Yesterday, I promised to provide some classic peanut recipes from around the world. I was surprised to discover all the different cultures and cuisines that use peanuts. Because there were so many, I had to chose a few representative, classic dishes from each… Some are sauces and condiments you can use in conjunction with any number of dishes.
But first, a little history…
Peanuts have been harvested and used for food for literally thousands of years. They’re treated with great respect in Asian, Indian, Southeast Asian, Middle Eastern, African, South American and North American cuisine.
Peanut butter – from ancient versions, hand-ground in primitive mortars and pestles, to contemporary supermarket brands – has been known and cherished as the base for myriad savoury sauces just about everywhere.
The US National Center for Biotechnololgy Information website provides in-depth info on the origins of the peanut:
“The history of peanuts dates back to the times of the ancient Incas of Peru. They were the first to cultivate wild peanuts and offered them to the sun God as part of their religious ceremonials. […] The modern history of peanut popularization began with the civil war of the 1860s in America. George Washington Carver who is known as the ‘father of the peanut industry’. […] He developed more than three hundred products derived from the peanut.”
Some of our older readers may remember the contribution former US President Jimmy Carter made to the peanut industry while he built his family peanut empire, almost single-handedly establishing Georgia as the Peanut Capital of America.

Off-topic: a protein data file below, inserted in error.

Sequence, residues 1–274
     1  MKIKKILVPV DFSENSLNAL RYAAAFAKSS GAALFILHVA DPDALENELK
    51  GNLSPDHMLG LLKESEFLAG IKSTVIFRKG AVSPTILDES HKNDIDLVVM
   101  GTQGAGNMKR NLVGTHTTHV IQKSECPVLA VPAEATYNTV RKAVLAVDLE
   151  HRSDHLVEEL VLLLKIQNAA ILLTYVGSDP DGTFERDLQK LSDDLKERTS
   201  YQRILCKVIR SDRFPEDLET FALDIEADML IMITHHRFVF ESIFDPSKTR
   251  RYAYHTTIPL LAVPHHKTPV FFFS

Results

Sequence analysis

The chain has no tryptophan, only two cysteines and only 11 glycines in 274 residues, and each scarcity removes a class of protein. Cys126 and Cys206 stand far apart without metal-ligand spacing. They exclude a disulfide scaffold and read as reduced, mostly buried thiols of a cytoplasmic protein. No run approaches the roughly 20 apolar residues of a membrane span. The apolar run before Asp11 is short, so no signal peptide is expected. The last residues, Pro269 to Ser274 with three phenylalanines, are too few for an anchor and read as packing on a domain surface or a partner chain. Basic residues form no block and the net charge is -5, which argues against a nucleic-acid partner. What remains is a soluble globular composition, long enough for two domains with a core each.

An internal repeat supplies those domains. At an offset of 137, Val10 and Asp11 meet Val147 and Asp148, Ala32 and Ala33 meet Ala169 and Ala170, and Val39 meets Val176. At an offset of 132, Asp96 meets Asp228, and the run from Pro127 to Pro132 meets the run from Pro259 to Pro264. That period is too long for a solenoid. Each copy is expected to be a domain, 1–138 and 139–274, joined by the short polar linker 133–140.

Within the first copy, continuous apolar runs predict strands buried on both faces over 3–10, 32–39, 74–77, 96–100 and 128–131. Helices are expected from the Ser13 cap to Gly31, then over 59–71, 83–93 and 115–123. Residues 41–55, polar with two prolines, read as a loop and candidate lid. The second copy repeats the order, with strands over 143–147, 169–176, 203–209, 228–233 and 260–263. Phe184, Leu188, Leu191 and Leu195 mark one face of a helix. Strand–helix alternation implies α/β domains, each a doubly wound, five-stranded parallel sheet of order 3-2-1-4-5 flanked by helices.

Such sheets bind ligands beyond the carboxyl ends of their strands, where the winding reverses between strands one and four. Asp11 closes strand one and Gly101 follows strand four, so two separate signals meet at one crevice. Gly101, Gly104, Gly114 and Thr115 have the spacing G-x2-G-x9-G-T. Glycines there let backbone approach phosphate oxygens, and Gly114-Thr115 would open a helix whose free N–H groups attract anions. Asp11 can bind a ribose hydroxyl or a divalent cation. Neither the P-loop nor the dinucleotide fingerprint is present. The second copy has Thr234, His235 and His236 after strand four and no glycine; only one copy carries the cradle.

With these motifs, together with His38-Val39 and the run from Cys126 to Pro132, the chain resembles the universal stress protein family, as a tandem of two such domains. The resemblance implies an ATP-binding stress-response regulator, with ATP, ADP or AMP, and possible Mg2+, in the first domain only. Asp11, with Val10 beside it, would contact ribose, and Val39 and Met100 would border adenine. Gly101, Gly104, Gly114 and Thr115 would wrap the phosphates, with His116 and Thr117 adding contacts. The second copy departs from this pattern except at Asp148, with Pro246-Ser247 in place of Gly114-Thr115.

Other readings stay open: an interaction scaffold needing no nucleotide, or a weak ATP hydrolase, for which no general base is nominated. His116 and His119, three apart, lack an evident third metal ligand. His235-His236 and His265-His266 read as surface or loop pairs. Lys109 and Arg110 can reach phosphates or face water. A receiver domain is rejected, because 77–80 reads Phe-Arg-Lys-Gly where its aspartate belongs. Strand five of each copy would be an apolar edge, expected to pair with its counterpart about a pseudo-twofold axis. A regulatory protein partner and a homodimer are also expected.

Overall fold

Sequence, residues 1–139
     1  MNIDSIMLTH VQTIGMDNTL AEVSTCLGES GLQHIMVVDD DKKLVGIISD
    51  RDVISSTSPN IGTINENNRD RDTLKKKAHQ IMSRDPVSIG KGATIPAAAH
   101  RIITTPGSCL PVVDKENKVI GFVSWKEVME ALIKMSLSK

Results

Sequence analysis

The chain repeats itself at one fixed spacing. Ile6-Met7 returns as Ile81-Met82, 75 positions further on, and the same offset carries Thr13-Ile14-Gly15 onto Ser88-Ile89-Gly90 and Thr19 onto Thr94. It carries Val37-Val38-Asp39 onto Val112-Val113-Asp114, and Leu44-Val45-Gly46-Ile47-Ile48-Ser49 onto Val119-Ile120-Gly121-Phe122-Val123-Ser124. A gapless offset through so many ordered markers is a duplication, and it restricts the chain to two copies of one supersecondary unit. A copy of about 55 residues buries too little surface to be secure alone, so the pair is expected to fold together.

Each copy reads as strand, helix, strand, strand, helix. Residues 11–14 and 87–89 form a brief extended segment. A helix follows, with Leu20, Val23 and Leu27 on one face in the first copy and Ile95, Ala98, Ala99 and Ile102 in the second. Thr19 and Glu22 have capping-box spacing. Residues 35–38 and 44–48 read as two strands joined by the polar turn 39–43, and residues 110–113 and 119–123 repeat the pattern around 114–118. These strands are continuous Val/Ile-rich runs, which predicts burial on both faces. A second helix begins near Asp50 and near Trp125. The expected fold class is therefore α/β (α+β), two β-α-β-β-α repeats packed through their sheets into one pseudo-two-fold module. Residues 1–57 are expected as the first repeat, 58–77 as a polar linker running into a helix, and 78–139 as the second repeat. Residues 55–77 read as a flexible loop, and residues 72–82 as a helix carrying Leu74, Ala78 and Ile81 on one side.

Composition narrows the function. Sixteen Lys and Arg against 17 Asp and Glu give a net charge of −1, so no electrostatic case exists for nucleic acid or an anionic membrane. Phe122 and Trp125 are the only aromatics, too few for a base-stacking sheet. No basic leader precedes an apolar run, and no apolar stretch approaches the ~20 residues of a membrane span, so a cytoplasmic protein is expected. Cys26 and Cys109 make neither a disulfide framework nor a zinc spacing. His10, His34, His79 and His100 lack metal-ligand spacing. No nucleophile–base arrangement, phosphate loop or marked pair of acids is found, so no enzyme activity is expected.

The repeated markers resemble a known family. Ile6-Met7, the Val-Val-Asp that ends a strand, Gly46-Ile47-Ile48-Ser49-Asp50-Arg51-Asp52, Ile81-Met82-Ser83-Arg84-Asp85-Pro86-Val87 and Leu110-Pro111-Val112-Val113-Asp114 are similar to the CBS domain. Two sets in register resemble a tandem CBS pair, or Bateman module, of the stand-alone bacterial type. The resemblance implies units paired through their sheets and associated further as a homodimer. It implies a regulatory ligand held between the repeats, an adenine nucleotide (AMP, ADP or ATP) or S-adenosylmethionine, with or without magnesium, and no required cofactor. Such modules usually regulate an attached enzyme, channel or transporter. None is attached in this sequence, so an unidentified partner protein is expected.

“Peanut butter [as we know it today] was created in the 1890s […] as a soft protein substitute for people with poor teeth. In 1895, Dr. John Harvey Kellogg patented a, ‘A Process of Preparing Nt Meal’,” to be used in food processing.
“The first process for roasting shelled peanuts in oil was developed in the early 1900s and the first long-shelf-life version of that product was marketed in airtight bags under the ‘Planters’ label.”
…And a few amazing facts
The National Peanut Board shares 25 Fun Facts About Peanuts, from which I’ve selected a few favourites:
- It takes about 540 peanuts to make a 12-ounce jar of peanut butter.
- By law, any product labeled “peanut butter” in the United States must be at least 90 percent peanuts.
- It takes 3.2 gallons of water to [grow] 1 ounce of peanuts. (Bonus fact: 1 ounce of almonds takes 28.7 gallons)
- Astronaut Alan Shepard brought a peanut with him to the moon. (Read about making a PB&J on the International Space Station.)
- Women and children prefer creamy peanut butter, while most men opt for chunky.
- The average European eats less than 1 tbsp of peanut butter a year.
- There are four different types of commercially employed peanuts – Runner, Valencia, Spanish and Virginia…
- …But there are thousands of cultivars of peanuts used locally and by home cooks around the world.
- One acre of Georgia farmland can produce enough peanuts to make to make 35,000 PB&J sandwiches.
Why are peanuts so special?
Even the earliest users of the so-called ‘ground nut’ knew how healthful and nutritious it is. The Peanut Institute in Albany, Georgia, tell us there’s really nothing not to like about its signature product:
- 7 g of protein
- 19 vitamins and minerals
- 0 cholesterol or gluten
- Heart-healthy fats
In addition, peanuts have been found to contain recently discovered beneficial compounds including flavonoids, resveratrol, Q10 and antioxidants.
Some choice dishes…
Eggplant with Peanut Masala: A classic Southern Indian vegetarian dish. Use only the smallest ‘baby’ eggplants for best results.